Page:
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Iran Charges Three Detained Americans With Espionage


Sarah Shourd, one of three Americans being held in Iran

Sarah Shourd, one of three Americans being held in Iran

TEHRAN (Reuters) -- Iran has charged three detained U.S. citizens with espionage, the official IRNA news agency has quoted a judiciary official as saying.

"The three are charged with espionage. Investigations continue into the three detained Americans in Iran," Tehran General Prosecutor Abbas Jafari Dolatabadi said.

The three were held after they strayed into Iran from northern Iraq at the end of July.

"We believe strongly that there is no evidence to support any charge whatsoever," U.S. Secretary of State Hillary Clinton said on a visit to Berlin.

The three -- Shane Bauer, 27, Sarah Shourd, 31, and Josh Fattal, 27 -- crossed into Iranian territory nearly two months ago.

Their families say they strayed across the border accidentally. In a press release on November 9, the families of the three hikers rejected the allegations of espionage and called on Iran to show compassion to the detainees.

Iranian President Mahmoud Ahmadinejad suggested in an interview with the American television network NBC in September that the Americans' release might be linked to the release of Iranian diplomats he said were being held by U.S. troops in Iraq.

Under Iran's Islamic sharia law, espionage is punishable by death.

Strong Messages

The United States has sent strong messages to Iran urging the release of the three hikers, calling Iranian authorities to exercise compassion toward the three Americans.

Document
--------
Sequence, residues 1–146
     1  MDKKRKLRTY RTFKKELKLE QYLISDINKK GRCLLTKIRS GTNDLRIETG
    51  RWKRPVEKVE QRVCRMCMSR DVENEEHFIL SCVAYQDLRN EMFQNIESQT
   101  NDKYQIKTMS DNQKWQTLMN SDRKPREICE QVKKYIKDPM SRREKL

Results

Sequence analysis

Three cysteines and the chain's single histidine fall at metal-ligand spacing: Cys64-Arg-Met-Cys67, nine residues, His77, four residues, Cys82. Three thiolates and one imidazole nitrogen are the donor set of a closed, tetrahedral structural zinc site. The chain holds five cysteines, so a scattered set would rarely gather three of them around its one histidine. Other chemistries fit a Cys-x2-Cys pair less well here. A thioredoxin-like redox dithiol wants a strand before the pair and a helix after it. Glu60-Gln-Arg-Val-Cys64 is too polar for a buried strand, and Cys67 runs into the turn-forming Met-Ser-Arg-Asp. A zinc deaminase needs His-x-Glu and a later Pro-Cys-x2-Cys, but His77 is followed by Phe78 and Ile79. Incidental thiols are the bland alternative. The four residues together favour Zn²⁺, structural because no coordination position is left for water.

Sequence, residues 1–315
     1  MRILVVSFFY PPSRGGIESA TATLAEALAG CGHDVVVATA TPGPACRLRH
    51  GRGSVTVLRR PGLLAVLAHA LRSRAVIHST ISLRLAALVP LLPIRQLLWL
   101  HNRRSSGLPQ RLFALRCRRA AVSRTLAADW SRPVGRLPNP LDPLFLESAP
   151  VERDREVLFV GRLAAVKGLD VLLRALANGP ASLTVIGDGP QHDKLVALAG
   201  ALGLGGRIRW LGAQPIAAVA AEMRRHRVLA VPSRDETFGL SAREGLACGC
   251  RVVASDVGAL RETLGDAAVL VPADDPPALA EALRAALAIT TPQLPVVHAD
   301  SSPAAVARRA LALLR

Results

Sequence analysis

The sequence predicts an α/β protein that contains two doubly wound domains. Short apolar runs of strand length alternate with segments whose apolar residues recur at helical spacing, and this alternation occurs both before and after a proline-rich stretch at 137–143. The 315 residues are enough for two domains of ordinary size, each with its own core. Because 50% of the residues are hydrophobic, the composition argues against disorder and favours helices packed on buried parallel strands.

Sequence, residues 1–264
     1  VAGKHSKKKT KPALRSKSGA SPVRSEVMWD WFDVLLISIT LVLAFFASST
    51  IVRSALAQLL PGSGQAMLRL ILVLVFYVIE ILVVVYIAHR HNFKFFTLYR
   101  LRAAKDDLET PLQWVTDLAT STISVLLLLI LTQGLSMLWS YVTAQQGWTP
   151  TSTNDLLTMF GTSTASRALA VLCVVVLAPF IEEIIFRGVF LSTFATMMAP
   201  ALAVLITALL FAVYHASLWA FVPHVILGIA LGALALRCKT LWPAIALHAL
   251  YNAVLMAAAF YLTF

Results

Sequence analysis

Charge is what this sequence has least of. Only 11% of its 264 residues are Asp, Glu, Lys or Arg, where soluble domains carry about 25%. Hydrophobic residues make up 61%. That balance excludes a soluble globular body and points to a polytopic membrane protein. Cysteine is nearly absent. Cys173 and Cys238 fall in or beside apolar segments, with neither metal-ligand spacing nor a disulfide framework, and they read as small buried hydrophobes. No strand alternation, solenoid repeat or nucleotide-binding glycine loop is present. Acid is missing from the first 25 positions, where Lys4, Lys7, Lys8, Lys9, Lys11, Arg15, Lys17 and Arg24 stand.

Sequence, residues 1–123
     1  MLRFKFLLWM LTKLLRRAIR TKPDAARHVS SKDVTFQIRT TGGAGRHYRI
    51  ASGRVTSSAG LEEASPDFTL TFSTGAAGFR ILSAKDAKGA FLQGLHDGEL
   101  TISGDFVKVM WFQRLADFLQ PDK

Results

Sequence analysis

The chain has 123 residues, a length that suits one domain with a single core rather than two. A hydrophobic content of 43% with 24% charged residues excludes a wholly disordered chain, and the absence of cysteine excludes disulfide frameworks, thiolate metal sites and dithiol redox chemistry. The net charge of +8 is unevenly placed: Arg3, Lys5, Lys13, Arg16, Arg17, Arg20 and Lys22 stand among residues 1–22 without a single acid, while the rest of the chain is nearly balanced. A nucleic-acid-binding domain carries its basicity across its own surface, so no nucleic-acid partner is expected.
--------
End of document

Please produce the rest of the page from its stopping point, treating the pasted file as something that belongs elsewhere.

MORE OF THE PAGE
Some Iranian authorities have linked the illegal entry of the Americans, to unrest that erupted after Iran's June presidential election.

Ahmadinejad's reelection on June 12 sparked Iran's worst unrest since the 1979 Islamic Revolution. Authorities deny vote-rigging and portrayed the unrest as a foreign-backed bid to undermine the Islamic state.

Dolatabadi said the case of a Danish student, detained during a rally on November 4 to mark the anniversary of the seizure of the U.S. Embassy, was under investigation.

"This accused Danish citizen has introduced himself as a reporter but he holds no official press accreditation. Investigations about him continue," he said. "Today, the Danish Embassy lawyer was allowed to meet the prisoner."

Police clashed with supporters of Iran's opposition leader Mir Hossein Musavi in Tehran on November 4 when they used the anti-U.S. rallies to revive protests against the clerical establishment after June's vote.
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